Deer fears of F&Min North Yorks

27 July 2001

Deer fears of F&Min North Yorks

SCIENTISTS are blood-testing deer for foot-and-mouth amid renewed fears that the disease has spread to wildife in North Yorkshire. Government officials ordered a gamekeeper to shoot 12 wild deer at Kirby Knowle, near Thirsk, following suspicions that the animals may have contracted the disease.

The order came as new arrangements were introduced to contain F&M. The area has seen a spate of outbreaks and there is concern that the disease could spread to pigs. Around 33% of British pigs are farmed in Yorkshire and Lincolnshire and the animals exhale about 3000 times more F&M virus than cattle or sheep.

Junior farm minister Lord Whitty announced further disease-control measures during a visit to Leeds, Thirsk and Northallerton on Monday (July 23). "The outbreak in North Yorkshire is of great concern, as it is close to some very large pig herds and is threatening the disease-free areas south of the Humber."

Licences will require that vehicles visiting 2700 farms in the North Yorkshire area are fully cleaned and disinfected before entering and leaving each premises. All milk tankers and some grain and feed lorries will be accompanied by government officials who will check that disinfecting is properly done.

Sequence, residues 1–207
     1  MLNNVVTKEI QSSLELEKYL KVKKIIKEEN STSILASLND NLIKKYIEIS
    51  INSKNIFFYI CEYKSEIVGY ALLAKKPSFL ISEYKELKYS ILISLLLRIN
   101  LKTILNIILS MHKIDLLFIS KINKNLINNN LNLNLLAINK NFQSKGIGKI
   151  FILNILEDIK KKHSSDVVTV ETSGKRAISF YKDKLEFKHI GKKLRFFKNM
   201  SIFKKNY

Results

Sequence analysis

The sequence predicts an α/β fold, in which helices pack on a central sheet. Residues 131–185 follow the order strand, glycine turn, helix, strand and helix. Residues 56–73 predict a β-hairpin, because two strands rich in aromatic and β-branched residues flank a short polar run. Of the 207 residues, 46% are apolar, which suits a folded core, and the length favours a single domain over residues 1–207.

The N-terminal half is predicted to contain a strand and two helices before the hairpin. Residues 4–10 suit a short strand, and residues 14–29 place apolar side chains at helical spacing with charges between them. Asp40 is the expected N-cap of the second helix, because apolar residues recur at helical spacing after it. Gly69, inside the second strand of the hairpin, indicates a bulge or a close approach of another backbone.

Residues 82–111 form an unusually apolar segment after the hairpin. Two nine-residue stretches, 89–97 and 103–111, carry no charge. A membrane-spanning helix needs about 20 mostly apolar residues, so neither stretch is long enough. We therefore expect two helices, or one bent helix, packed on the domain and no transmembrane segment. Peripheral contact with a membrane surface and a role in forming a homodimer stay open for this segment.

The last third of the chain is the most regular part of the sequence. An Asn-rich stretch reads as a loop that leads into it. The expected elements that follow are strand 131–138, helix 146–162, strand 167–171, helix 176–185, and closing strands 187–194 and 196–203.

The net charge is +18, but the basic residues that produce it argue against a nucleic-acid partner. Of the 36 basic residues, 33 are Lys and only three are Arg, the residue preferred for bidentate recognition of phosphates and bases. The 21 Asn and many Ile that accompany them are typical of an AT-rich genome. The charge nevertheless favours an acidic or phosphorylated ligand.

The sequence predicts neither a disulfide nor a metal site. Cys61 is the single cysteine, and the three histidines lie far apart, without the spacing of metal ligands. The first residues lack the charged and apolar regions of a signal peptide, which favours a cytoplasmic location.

But National Trust officials clashed with the governments Rural Task Force after it was ordered to reopen public rights of way across a deer park at Fountains Abbey, near Ripon, North Yorkshire.

The 360-acre Studley Royal deer park was closed in April to try to protect the 500 red, fallow and Manchurian silka deer which roam the park to the east of the 12th century abbey, a World Heritage Site. But the Rural Task Force said footpaths in the deer park and a road which runs through should be reopened.

A spokeswoman for the National Trust in Yorkshire said: "We believe that North Yorkshire County Council should use whatever powers it has at its disposal to keep the park closed."

A spokesman for DEFRA said: "Closing footpaths in infection-free areas is not the right approach when so many local businesses have been hit so hard. We are asking local authorities to open rights of way where our vets say it is safe." &#42

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